Baker Grant Winners Tackle Global Issues

COURTESY BAKER CENTER  Kelly Schneider (GRD ’18), left, Christian Conroy (GRD ’18) and Adam Bouyamourn (GRD ’18) each received $20,000 for their projects.

COURTESY BAKER CENTER
Kelly Schneider (GRD ’18), left, Christian Conroy (GRD ’18) and Adam Bouyamourn (GRD ’18) each received $20,000 for their projects.

Georgetown graduate students Adam Bouyamourn (GRD ’18), Christian Conroy, (GRD ’18), Jacob Ford (GRD ’18), Rebecca Gerr (GRD ’18), and Kelly Schneider (GRD ’18) are each working find ways to enact meaningful and realistic change on global policies issues within a year with the $20,000 from the Baker Innovation Grant.

The Baker Center is housed within the McCourt School of Public Policy and focuses on promoting realistic and positive changes throughout the world. The graduate students were awarded the grant at the 2017 Baker Forum on Jan. 25.

This is the inaugural year for the Center’s Innovation Grant, which provides five students $20,000 each to be used over the course of one year to make a difference in Global Challenges which are areas where government and other systematic failures stymie progress. This year’s Global Challenge was “Restoring a Sense of Security” in light of decreasing national approval of core institutions like the media, government and schools.

Bouyamourn’s initiative involves finding a way to better connect people to food banks in Washington, D.C., so more individuals who need food can obtain it. Bouyamourn said he aims to alert individuals if food bank nearby is open and available for meals using the same text messaging company Uber uses to alert users that a car has arrived.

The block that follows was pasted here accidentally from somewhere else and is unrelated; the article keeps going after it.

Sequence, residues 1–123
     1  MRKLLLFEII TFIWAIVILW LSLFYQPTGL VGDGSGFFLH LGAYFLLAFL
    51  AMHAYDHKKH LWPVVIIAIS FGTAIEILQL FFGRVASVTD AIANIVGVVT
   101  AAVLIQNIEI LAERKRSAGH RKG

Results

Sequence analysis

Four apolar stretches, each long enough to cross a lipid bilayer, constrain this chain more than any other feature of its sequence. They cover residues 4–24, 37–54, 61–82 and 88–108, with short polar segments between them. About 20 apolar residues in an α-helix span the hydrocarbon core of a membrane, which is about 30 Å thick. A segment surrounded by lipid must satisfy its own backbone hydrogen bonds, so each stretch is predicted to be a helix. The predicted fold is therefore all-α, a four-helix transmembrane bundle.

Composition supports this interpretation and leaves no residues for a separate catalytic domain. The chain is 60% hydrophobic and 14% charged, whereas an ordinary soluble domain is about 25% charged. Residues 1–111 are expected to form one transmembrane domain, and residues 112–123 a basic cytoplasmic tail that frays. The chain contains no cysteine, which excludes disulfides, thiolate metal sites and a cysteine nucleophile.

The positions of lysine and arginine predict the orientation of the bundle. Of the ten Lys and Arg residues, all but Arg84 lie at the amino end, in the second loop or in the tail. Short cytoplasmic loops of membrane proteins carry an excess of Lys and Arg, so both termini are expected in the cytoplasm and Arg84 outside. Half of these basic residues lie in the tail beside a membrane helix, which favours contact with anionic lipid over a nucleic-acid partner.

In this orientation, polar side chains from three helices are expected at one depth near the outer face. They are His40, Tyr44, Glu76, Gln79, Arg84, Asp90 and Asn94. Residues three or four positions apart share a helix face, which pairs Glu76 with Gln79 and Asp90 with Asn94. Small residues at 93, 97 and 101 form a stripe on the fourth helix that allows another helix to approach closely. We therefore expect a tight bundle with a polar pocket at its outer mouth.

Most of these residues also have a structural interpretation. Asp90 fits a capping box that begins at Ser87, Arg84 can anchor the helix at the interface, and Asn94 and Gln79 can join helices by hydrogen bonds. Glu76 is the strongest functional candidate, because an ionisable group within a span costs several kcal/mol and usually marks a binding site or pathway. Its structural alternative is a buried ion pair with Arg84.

“D.C. has concentrated food insecurity. Wards 7 and 8 have limited access to grocery stores, fresh produce and overall dietary problems” Bouyamourn said. “Most people don’t want to or are unable to reach out to food banks so I’m working to connect them to food banks around D.C.”

Bouyamourn is also experimenting with increasing the services food banks offer. Keeping with the theme of nutrition, Bouyamourn is hoping to add diabetes screening and SNAP signup as services offered by food banks. Bouyamourn wants to increase food and health security by working with existing food banks and improving upon them.

Conroy is working to limit gerrymandering and increase the power of the average citizen in elections. His hopes to create better quantitative methods for drawing districts, increasing public transparency of voter districts using a website and working with local officials to set up independent redistricting committees.

“My proposal aims to relink our democratic institutions to the popular will,” Conroy said.
With his website, Conroy is also hoping to show how gerrymandering is affecting current U.S. politics while also presenting alternative district maps. In addition, Conroy will predict how key legislative outcomes would have been different if districts had been drawn fairly.